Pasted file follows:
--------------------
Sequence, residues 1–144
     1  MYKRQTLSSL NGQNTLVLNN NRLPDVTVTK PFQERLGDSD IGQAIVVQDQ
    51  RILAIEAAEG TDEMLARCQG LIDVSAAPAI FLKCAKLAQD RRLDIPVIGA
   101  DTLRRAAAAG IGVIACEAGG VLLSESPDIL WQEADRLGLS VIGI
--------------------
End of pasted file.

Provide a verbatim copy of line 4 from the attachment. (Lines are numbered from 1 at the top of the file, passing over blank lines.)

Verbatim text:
   101  DTLRRAAAAG IGVIACEAGG VLLSESPDIL WQEADRLGLS VIGI